Designs featured on this page were created by our guest designers and may not be fully articulated or tested for compatibility with the 5.5" range of figures.
Some of these designs have been modified by me with permission of the artist (typically to add articulation, extra bells and whistles, and/or make them slightly more screen accurate or easier to print) and are listed as "Remix" figures.
The same rules that apply to my own designs also apply to all remix fixures. They are not to be reposted to other sites or printed and sold for financial gain.
For all other figures and props, unless you have received permission from the original creator (most of whom can be contacted via our Facebook Group) assume that they are also not to be reposted to other sites or produced and sold for financial gain. If you aren't sure what this means, read the F.A.Q. page, contact me on Facebook, or just assume that if you are requesting money for any product constructed using these designs, you are breaking the rules and DON'T DO IT!
All it takes is one greedy person to ruin the fun for everybody.
If you are an artist and would like to submit 3D printable files for inclusion on this website, please contact Troy Wood via the3D Printing Doctor Who Facebook Group or tag @troyryanwood on instagram. Please understand that we're only interested in sharing professional quality finished files in STL or OBJ format that are ready for 3D printing.
Guest designs can be based on anything from both the old and new series of Doctor Who, including it's spin-offs (official or otherwise), the Peter Cushing movies, Big Finish audio plays, comics, annuals, novels, Blue Peter contests, board games, ice lolly packets, Weetabix cards.... anything that can be obviously recognized as being Doctor Who-related, provided it's family friendly.
While it's nice if you can scale your designs to match one of the existing toy ranges, this is not required. They can be any scale or size, hyper-realistic or stylized, articulated or a solid statue.
If you do scale your design to a particular range, let me know which one so I can categorize it correctly.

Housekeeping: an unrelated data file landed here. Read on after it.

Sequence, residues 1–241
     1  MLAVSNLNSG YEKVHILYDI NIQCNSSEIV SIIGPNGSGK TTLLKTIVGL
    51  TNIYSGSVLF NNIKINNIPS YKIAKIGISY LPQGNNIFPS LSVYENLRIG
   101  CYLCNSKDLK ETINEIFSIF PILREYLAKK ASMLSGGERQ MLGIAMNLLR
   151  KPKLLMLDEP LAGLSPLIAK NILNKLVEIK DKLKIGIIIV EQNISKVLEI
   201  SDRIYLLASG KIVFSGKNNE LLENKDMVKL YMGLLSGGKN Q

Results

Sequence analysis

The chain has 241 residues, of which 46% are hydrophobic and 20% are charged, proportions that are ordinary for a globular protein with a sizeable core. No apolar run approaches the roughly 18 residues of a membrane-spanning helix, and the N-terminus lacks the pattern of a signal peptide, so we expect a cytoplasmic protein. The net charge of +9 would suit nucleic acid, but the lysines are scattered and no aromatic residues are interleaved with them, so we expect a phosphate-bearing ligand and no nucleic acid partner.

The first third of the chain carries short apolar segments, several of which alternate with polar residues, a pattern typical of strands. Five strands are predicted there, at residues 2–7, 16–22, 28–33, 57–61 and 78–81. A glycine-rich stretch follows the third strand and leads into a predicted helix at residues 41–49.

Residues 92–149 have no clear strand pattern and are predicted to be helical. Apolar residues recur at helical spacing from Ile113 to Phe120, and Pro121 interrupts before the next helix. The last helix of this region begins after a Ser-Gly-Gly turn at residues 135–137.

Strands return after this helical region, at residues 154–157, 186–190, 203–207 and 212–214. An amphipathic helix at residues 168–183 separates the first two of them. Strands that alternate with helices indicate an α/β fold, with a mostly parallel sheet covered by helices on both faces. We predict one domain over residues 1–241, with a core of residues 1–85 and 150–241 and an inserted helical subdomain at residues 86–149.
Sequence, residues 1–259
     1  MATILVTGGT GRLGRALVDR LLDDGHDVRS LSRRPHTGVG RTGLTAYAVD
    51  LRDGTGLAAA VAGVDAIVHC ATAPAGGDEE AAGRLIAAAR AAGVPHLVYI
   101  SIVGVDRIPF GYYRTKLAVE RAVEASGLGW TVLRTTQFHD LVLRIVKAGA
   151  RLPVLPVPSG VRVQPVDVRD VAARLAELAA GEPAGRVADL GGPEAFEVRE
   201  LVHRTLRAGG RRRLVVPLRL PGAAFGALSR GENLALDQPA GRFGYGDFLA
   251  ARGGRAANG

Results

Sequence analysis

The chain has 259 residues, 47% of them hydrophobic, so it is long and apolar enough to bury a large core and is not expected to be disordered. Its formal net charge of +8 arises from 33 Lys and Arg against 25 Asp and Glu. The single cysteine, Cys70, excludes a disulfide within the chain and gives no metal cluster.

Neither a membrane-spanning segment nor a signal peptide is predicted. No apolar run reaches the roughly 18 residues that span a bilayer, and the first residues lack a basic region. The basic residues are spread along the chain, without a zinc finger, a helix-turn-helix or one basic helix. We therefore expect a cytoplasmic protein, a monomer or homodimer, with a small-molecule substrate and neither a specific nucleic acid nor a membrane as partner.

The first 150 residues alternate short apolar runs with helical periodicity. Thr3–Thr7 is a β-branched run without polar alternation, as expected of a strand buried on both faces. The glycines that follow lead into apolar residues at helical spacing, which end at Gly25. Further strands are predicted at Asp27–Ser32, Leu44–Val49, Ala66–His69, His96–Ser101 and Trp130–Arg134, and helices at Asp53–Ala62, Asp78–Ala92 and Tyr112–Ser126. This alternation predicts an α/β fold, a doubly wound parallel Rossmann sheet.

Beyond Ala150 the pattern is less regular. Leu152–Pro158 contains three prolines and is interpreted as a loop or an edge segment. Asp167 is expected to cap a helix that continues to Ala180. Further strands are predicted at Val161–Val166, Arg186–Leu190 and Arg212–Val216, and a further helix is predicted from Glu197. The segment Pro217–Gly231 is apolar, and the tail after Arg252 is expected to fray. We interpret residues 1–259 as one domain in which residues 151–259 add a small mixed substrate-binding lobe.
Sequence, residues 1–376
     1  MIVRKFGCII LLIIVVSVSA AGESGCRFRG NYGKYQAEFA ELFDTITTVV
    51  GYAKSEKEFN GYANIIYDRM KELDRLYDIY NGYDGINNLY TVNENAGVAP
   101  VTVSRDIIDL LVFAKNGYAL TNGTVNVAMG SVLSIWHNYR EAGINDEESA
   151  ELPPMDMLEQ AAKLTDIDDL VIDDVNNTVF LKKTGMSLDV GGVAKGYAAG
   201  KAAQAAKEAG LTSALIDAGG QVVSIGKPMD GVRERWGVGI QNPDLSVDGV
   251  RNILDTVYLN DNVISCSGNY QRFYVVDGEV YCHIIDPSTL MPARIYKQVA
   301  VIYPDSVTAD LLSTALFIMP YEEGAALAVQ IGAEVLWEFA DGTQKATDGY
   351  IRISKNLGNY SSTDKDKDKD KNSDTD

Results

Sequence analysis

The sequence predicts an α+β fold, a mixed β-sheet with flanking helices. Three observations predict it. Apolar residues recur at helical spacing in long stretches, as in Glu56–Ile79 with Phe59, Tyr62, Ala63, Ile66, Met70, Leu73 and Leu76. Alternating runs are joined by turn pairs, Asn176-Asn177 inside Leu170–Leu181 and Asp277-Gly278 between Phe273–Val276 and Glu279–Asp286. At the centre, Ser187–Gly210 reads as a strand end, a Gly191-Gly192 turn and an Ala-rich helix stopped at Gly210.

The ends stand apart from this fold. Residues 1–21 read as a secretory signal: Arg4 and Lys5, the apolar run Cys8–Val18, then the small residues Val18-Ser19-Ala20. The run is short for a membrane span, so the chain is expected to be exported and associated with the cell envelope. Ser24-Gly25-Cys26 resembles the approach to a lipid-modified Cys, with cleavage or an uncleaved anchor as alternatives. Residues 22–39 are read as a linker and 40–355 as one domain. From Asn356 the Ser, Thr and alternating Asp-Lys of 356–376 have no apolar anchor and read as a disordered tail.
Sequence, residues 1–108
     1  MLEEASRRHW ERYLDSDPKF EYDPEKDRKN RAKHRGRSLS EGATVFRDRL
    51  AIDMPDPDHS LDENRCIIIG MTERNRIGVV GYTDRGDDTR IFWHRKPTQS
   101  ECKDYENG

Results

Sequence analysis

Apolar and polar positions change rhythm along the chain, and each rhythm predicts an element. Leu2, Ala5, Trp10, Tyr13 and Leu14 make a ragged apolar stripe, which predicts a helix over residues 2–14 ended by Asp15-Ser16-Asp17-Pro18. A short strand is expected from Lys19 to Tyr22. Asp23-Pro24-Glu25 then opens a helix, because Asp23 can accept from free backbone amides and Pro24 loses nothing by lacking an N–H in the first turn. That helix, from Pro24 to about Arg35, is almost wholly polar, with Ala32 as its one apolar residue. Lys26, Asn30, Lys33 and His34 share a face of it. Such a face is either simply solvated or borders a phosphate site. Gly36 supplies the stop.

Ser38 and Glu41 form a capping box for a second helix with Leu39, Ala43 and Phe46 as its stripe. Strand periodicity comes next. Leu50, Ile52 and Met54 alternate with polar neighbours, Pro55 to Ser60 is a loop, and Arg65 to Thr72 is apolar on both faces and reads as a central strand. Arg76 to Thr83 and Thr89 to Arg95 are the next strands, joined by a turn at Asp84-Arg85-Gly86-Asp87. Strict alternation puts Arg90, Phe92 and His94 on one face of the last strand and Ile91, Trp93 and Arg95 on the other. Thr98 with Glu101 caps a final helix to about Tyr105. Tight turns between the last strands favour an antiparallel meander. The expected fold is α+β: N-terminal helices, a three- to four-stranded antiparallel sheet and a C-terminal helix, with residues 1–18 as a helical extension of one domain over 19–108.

Do not submit partially completed works in progress, duplicates of existing figures/accessories in the Character Options toy range (even if they're out of print), designs created by other artists (unless you have their permission) or random household objects like keychains and drink coasters that you've simply slapped the Doctor Who logo onto.
Figures/Playsets in scale with the existing 5.5" Character Options range of figures that I have personally remixed to be fully articulated and/or add improvements.
1970's Newbery TARDIS Base
1970's Newbery TARDIS Top
1980's Yardley TARDIS Base
Movie/Supreme Dalek bumper (solid)
Movie/Supreme Dalek bumper with holes for Lego wheels
Modern Dalek Bumper
Custom Sontaran Helmet (no eye holes)
5" Scale REMIX Figures:
Figures/Playsets in scale with the existing 5.5" Character Options range of figures that I have personally remixed to be fully articulated and/or add improvements.
REMIX001 - Battle Damage Emperor Dalek Original design by Edward Felix, Remixed by Troy Ryan Wood
Version 3 - Updated 1/16/2021
Notes: This was my first remix, and mainly a superficial one. The outside is almost entirely Edward Felix's original design, I just pimped it out by adding
a movable eyestalk, alignment pegs, Flashing LED string light support, the large triangular plinth and two removable front panels and an exposed central core that will let you transform the figure into the burnt out "dead" version with exposed wiring as
seen in the climactic battle at the end of episode 6. (Even though this episode is missing and all we have are some behind-the-scenes videos shot with a handheld camera)
Print Recommendations: This figure has multiple alternate file options depending on what features you want to add to your Emperor. Note that while there *is* a SLA resin version, the Emperor is far too big to print on a regular-sized resin printer like the Anycubic Photon or Elegoo Mars. You'd need to print the skirt on a regular filament printer or one of the expensive large scale resin printers if you want it to come out successfully.
For PLA filament printing, I recommend printing at 80 to 100% infill if you're planning on adding LEDs so it doesn't glow through the plastic too badly. You can drop down to a lower infill amount for most pieces if you won't be using lights. The eyestalk should be printed at 100% fill for maximum durability. (You may want to print a spare just incase the first one snaps.)
All versions of the figure use the same Head and Dome parts. There are two versions of the Eyestalk depending on whether you are printing in PLA or SLA resin (on a resin printer you have the option of inserting a tiny LED into the eye itself!).
There are two versions of the triangular Corner Plinth (which is entirely optional.)
There's a Solid version that can only be printed of very large printers, and a Split version, that is split into three parts, if it makes it easier to print.
Battle Damage Skirt (No Hemis) -Use this version if you are printing the Battle Damage version on a PLA filament printer.